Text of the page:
West Coast Warned to Prepare for 'Tar Sands Invasion'

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West Coast Warned to Prepare for 'Tar Sands Invasion'

The amount of tar sands crude moving through the West Coast is poised to increase by more than 1.7 million barrels per day

Groups like the Natural Resources Defense Council and ForestEthics say "the Keystone XL pipeline is only the beginning." (Image: NRDC/Screenshot)

Environmentalists have issued a warning to the West Coast: Watch out...the tar sands are coming.

North America's Pacific Coast, from the San Francisco Bay to British Columbia, is facing a "tar sands invasion," according to an analysis released this week by the Natural Resources Defense Council (NRDC), NextGen Climate America, ForestEthics, and a coalition of 26 partner organizations.

"The West Coast is about to fall victim to a tar sands invasion, unless our leaders choose to protect the health and safety of our communities and say no to Big Oil."
—Anthony Swift, Natural Resources Defense Council

The amount of tar sands crude moving through the West Coast could increase by more than 1.7 million barrels per day (bpd) if existing proposals for pipelines, refineries, and export facilities move forward, the report (pdf) states—an influx that is bound to have negative public health, climate, social justice, and environmental impacts.

Anthony Swift, deputy director of NRDC's Canada Project, explained further in a blog post:

If it proceeds, this invasion will put public safety at risk and harm water resources, air quality, and the climate. A tar sands spill from train, pipeline, or tanker could devastate local economies, pristine wilderness, harm human health, and lead to an especially costly and challenging cleanup. Tar sands spills have proven more damaging than conventional spills, as heavy tar sands bitumen sinks below the water surface making it difficult to contain or recover. Meanwhile, while rail continues to be economically marginal for tar sands producers seeking to access the Gulf Coast refinery market, the West Coast is much closer—for instance, Washington state is a third the distance between northern Alberta and the Gulf Coast. This puts millions of residents throughout the West Coast at risk of tar sands unit train accidents and derailments. In refinery fence-line communities, emissions associated with processing tar sands are suspected to be even more detrimental to human health than existing harmful emissions from conventional crude.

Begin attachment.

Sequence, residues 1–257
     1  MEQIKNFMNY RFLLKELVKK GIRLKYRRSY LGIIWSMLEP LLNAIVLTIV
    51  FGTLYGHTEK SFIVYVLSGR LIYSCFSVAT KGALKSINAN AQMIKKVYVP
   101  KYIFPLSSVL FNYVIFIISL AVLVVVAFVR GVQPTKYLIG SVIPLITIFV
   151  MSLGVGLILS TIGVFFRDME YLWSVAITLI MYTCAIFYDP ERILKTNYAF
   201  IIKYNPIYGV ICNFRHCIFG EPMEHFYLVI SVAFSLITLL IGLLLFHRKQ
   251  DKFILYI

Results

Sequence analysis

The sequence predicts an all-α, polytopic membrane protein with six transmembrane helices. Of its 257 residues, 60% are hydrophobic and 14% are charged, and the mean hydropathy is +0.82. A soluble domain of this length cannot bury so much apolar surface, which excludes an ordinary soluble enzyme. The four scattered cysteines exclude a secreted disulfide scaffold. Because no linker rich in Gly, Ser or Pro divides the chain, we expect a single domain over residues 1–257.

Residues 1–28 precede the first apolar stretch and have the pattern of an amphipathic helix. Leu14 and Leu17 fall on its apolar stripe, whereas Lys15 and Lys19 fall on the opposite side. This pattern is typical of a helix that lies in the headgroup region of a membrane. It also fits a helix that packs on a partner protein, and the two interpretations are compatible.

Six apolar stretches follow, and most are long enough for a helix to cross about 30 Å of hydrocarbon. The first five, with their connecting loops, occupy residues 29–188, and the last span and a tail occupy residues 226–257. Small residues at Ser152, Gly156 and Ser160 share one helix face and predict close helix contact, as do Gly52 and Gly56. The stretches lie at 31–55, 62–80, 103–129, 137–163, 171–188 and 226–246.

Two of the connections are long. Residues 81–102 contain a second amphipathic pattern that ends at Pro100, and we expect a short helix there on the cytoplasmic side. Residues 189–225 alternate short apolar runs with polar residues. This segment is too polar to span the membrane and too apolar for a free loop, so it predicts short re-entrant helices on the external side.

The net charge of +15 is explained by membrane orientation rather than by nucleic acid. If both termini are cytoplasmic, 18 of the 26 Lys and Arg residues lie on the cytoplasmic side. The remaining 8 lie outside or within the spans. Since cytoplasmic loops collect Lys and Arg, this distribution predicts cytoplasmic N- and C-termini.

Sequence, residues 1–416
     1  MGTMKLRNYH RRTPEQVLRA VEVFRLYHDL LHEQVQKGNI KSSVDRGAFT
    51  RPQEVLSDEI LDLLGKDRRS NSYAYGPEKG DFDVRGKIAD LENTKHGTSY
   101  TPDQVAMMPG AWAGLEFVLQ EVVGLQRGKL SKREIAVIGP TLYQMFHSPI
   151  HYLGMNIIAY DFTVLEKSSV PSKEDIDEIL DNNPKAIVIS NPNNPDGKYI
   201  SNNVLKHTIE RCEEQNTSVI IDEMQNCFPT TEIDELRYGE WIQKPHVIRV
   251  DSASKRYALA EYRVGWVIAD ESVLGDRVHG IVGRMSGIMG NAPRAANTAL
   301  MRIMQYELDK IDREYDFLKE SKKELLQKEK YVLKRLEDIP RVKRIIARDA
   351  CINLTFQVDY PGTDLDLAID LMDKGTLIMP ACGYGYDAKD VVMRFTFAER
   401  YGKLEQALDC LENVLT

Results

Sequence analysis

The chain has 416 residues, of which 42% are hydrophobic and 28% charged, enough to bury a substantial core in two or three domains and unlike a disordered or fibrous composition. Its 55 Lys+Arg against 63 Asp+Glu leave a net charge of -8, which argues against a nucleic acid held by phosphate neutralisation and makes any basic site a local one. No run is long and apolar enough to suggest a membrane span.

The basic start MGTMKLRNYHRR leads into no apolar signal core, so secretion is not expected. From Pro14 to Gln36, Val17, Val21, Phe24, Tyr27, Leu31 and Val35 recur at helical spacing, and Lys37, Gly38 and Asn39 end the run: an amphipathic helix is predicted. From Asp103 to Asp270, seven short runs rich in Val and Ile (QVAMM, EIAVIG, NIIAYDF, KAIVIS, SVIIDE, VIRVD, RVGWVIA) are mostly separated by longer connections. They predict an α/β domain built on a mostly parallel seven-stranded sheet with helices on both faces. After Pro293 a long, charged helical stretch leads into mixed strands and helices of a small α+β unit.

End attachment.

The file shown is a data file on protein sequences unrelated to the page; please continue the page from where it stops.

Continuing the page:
"Keystone is not the only way the tar sands threaten our country," philanthropist and NextGen Climate co-founder Tom Steyer reportedly said Tuesday at an event in Oakland, releasing the report. "The owners of the tar sands are always looking for other routes to the world's oceans and the world's markets."

And that search for new outlets has led straight to the Pacific Coast, where the oil industry seeks to: increase tanker and barge traffic 25 fold; increase tar sands at West Coast refineries from 100,000 barrels per day (bpd) to 800,000 bpd by 2040; and create a dozen new rail terminals that would significantly increase the region's crude-by-rail traffic, according to the groups' analysis. 

All this would increase the region's carbon pollution by up to 26 million metric tons—the equivalent of adding 5.5 million cars to the road, environmentalists say.

This image, from the report, illustrates the scope of the expansion:

(Credit: Natural Resources Defense Council, et al)

Earlier this week, even before the release of West Coast Tar Sands Invasion, San Francisco's CBS affiliate reported that refineries in the Bay Area are "gearing up" to bring in Alberta tar sands in by ship.

"Today's refineries are all designed to take ships in," energy consultant David Hackett told CBS-SF.

"The California refineries are designed to process crude that is heavy and dense, and relatively high in sulfur. So the Canadian tar sands is the kind of quality that will fit in to the California refineries fairly well," Hackett said, predicting that tankers full of tar sands oil could be coming into the San Francisco Bay in large numbers by 2018.

To combat this looming expansion, the study calls on states to "aggressively pursue" clean energy strategies while spurring low carbon transportation and energy solutions; to reject new major tar sands infrastructure projects; and to enact safety, emergency response, and air pollution standards that ensure the risk of a tar sands spills is eliminated.

As the NRDC's Swift declared: "The West Coast is about to fall victim to a tar sands invasion, unless our leaders choose to protect the health and safety of our communities and say no to Big Oil."

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